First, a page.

The Relationship Between Mental Health the Workplace — The Impact of Poor Mental Wellbeing and How Employers can Help
Workers’ daily stress reached a record high in 2020, according to the Global Workplace 2021 Report, which was conducted by Gallup in 116 countries. With 43% of respondents in over 100 countries claiming to have experienced stress, up from 38% in 2019, there’s no question that the matter is quite prevalent. From understanding the relationship between mental health and the workplace to what can be done to cultivate a positive environment that focuses on mental wellbeing, here’s what you should know.
- Mental health and the workspace
When exploring the relationship between mental health and work, research from Mental Health America found that 90% of employees report that their workplace stress affects their mental health, and 60% don’t even receive enough support from their supervisors to manage that stress. In terms of specific work-induced mental health issues, post traumatic stress disorder, or PTSD, presents just one example — for instance, delayed PTSD is common among those who work in industries like the military or as a first responder. As such, work-related cases of PTSD can even lead to employees taking legal action in order to receive the compensation and justice they deserve in instances where an employer is found to be negligent or play a role in causing or exacerbating PTSD.
In regards to how mental health can directly affect someone in the workplace, the effects can be rather widespread in nature. For example, the Centers for Disease Control and Prevention notes that depression interferes with a person’s ability to complete physical job tasks 20% of the time, and even reduces cognitive performance about 35% of the time. To further elaborate on the effects that mental health issues can have on one’s work, the CDC notes that poor mental health can negatively impact job performance/productivity, engagement with one’s work, communication with coworkers, physical capability, and daily functioning.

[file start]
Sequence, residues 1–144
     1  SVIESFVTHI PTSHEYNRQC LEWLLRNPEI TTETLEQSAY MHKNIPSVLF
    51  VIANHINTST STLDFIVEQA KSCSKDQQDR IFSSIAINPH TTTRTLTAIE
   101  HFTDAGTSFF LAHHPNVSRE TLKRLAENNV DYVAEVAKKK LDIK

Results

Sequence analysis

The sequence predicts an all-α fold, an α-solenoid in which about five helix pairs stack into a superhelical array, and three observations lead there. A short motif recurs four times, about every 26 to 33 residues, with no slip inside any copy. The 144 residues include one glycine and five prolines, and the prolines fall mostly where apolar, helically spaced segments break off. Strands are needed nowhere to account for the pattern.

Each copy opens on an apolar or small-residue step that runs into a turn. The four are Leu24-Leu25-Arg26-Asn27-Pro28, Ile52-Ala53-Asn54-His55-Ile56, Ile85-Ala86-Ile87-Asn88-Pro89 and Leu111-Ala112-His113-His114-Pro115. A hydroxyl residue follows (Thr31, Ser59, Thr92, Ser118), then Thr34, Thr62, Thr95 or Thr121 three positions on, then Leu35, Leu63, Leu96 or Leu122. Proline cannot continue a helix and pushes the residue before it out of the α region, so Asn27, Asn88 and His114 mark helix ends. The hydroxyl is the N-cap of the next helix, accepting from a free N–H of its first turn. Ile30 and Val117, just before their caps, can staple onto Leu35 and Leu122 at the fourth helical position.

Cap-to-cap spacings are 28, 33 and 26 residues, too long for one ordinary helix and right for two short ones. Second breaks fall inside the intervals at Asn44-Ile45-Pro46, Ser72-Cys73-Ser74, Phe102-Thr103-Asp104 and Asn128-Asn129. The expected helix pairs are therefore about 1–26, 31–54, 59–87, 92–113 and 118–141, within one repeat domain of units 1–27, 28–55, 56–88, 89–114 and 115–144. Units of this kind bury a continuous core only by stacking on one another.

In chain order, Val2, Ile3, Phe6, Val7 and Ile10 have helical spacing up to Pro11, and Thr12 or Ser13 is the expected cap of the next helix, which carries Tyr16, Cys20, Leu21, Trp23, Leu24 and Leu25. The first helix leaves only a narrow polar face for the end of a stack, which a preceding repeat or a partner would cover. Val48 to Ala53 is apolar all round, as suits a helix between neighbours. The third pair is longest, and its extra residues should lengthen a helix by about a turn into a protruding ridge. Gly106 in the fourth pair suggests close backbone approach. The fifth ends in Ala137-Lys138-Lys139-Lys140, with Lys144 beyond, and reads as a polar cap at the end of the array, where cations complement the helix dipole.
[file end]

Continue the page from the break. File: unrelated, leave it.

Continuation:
- The dire need for genuine changes
When it comes to the relation between mental health and the workplace, the statistics are alarming, and clearly draw attention to the need for a solution. According to an article for the Harvard Business Review, more employees are leaving their jobs for mental health related reasons, including those that are caused by workplace factors (such as overwhelming or unsustainable work). However, when it comes to the initiatives that many employers have put in place — such as mental health days or counseling apps, Harvard notes that these “aren’t enough,” as cultural change must take place and employers “must connect what they say to what they actually do.”
- Successfully promoting workplace wellness
For employers striving to make a difference, cultivating a workspace where mental health is prioritized is imperative for employee health and mental wellbeing, and is something that can be done in various different ways. In addition to reexamining health insurance policies to focus on mental health, the American Psychological Association (APA) notes that training managers to promote health and wellbeing can make a difference for employees. The APA states that training supervisors on various aspects — such as how to support employees in addition to recognizing the signs of stress and other mental health issues — can aid in reducing absenteeism and turnover. The Association further goes on to explain that other methods, such as making flexible working styles available (aka hybrid or remote) can further help in promoting mental health by increasing motivation and performance. Putting a focus on employee feedback can further work to ensure that employers are actively listening to what employees need.
Due to the effect that mental health can have on an individual at work as well as how the workplace can contribute to poor mental health, there’s no question that prioritizing a healthy mental wellbeing among employees is imperative — both for individual health and the workplace. Through initiatives such as training and even opening the door to options like remote work styles, employers can work on creating a healthy workspace.
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